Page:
During my last two years in architecture school, I noticed that the introduction of 3D computer programs was changing the traditional method of architecture. Form created by any method whether it maybe mathematical, through translating John Cage or Brian Eno’s music into three-dimensional architectural form, or by simply arranging wood blocks to create a layout of space; each is assigned its function and programmatic elements. Function and program are the key elements of creating space. I have to admit that since I was introduced to 3D programs, I have become heavily dependant on the computer itself. Physical model building seemed like a thing of the past until I had a professor who made me rethink the basics of architecture.

Lastly, his original sketches and notes on display were something to look at. His notes consisted of sketches of objects or concepts that he was working on and written notes that were no longer than five words long. When you read these notes, you realize they don’t make any sense at all. Architects and architecture students alike are generally known to be the worst writers out there. Their sentence structure is fragmented with poor grammar and I cannot say that I am a great writer myself. I went home after this exhibit and dug into a box with all my old sketchbooks. I could not stop laughing. These notes that I took whether it was comments from my professors, ideas that came to my mind, or criticisms and comments that I have received during my presentations were noted in five word sentences, and it made no sense to me. If the person who wrote the notes cannot understand it, nobody can.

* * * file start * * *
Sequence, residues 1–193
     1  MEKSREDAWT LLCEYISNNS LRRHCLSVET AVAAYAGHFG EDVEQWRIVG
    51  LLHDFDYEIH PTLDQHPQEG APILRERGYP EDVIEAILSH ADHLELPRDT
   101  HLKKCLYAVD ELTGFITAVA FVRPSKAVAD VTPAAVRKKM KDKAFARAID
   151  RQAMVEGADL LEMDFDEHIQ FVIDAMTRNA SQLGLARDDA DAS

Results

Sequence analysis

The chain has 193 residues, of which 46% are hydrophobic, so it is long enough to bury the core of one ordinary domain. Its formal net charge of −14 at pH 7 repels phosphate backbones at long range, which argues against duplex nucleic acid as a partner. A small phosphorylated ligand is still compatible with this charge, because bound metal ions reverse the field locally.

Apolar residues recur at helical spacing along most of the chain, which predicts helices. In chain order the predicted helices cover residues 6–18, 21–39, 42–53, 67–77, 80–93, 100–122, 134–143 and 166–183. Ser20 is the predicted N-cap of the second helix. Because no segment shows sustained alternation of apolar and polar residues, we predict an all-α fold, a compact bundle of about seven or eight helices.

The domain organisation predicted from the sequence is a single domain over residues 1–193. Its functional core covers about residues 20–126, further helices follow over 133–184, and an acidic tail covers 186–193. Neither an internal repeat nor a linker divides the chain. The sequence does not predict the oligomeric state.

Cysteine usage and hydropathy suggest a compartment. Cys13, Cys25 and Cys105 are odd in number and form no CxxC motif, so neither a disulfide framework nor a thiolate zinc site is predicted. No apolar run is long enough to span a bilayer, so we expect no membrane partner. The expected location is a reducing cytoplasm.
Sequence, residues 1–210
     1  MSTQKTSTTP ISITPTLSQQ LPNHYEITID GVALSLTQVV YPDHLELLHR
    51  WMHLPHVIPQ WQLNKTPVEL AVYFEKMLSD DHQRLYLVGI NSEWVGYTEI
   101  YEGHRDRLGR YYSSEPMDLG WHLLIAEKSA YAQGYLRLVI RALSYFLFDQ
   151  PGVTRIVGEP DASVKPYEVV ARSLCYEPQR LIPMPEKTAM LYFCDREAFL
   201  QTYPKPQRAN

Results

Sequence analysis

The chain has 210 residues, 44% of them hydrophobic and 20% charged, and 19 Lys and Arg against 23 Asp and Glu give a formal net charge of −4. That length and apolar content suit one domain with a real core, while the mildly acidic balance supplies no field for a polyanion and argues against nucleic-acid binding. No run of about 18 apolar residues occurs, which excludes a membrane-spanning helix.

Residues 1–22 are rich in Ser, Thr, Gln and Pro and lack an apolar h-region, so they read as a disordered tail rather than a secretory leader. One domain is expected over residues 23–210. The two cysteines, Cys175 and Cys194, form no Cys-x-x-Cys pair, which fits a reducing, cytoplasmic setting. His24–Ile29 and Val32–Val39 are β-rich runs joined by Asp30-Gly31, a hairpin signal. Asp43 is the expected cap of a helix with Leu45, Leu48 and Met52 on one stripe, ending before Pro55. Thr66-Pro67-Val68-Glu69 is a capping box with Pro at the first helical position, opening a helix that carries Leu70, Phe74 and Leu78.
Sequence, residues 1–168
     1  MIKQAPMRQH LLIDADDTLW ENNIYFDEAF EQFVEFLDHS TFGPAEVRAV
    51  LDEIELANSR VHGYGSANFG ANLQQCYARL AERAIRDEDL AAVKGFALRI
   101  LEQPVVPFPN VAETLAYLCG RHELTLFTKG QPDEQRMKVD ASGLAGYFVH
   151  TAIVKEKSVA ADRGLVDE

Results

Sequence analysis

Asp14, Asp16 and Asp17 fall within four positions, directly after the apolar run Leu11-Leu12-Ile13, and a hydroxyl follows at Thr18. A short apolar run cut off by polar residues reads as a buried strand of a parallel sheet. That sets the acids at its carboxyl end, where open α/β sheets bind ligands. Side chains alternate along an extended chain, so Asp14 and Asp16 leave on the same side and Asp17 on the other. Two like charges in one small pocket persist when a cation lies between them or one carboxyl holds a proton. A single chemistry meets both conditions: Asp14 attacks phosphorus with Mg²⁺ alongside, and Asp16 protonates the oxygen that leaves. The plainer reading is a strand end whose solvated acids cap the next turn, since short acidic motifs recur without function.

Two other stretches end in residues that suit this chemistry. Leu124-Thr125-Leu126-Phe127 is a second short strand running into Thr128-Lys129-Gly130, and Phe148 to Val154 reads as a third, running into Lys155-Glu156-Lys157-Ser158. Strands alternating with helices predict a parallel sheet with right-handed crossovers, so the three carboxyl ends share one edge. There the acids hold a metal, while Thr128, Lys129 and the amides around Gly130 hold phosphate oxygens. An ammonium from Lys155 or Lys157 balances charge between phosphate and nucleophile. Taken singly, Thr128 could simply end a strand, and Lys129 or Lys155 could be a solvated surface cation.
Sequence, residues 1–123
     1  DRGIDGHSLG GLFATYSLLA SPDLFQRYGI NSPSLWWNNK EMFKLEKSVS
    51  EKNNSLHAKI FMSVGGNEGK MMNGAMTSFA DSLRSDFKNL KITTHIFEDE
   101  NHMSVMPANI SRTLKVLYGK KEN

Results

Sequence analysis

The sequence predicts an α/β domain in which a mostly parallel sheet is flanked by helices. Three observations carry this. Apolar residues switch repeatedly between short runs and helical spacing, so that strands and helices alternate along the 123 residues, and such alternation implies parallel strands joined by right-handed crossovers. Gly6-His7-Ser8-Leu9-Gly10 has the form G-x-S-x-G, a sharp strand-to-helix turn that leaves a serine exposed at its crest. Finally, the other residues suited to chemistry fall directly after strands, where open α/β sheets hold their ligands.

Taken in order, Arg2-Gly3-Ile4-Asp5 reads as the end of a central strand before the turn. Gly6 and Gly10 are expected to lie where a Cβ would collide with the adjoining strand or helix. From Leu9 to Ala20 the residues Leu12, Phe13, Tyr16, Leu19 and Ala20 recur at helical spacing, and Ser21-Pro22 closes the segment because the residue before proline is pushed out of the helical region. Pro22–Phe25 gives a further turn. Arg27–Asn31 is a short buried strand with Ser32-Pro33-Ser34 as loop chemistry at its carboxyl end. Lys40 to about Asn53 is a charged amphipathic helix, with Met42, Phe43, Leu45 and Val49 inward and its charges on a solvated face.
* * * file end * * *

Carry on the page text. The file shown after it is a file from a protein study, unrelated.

This is a miraculous show, powerful and makes you think about the fundamentals of architecture and even perhaps George Costanza could have become a real architect instead of referring himself to Art Vandaley, the architect. If you have an architectural background, this is a show that will make you think of your days in architecture school; and if you are familiar with architectural history you will notice how his works are influenced by his education from Cornell University and the genius minds who were behind that architecture department in the 1960s.


April said...

Thanks for all the interesting blogs Todd. Keep up the good work!


becky said...

That was an awesome post! Did the author go to UVa architecture school in the late '90's/early 00's, b/c it sounds exactly like my experience there, esp. the reference to John Cage, if it's the same John Cage.
I was getting my Masters in Landscape Architecture there during that time.

One thing to add about the described computer transitional period - the majority of professors in my program were self-confessed luddites, they were barely able to master the art of emailing and were easily awed by internet research. If they sat on a jury and saw a wall full of slaved-over computer images and one schematic hand-drawn sketch, they focused on the one hand-drawn sketch. They didn't seem to be able to relate to the computer generated images (which often aren't too different from perfectly drafted drawings, but perhaps in their eyes, they were miles away, and this could be the case). This was fine with me, as I just about flunked out of all the computer classes I took there, in spite of all of Earl's excellent teachings!

Anyway, thanks for the info about the show - it was flying beneath my radar before I saw this post!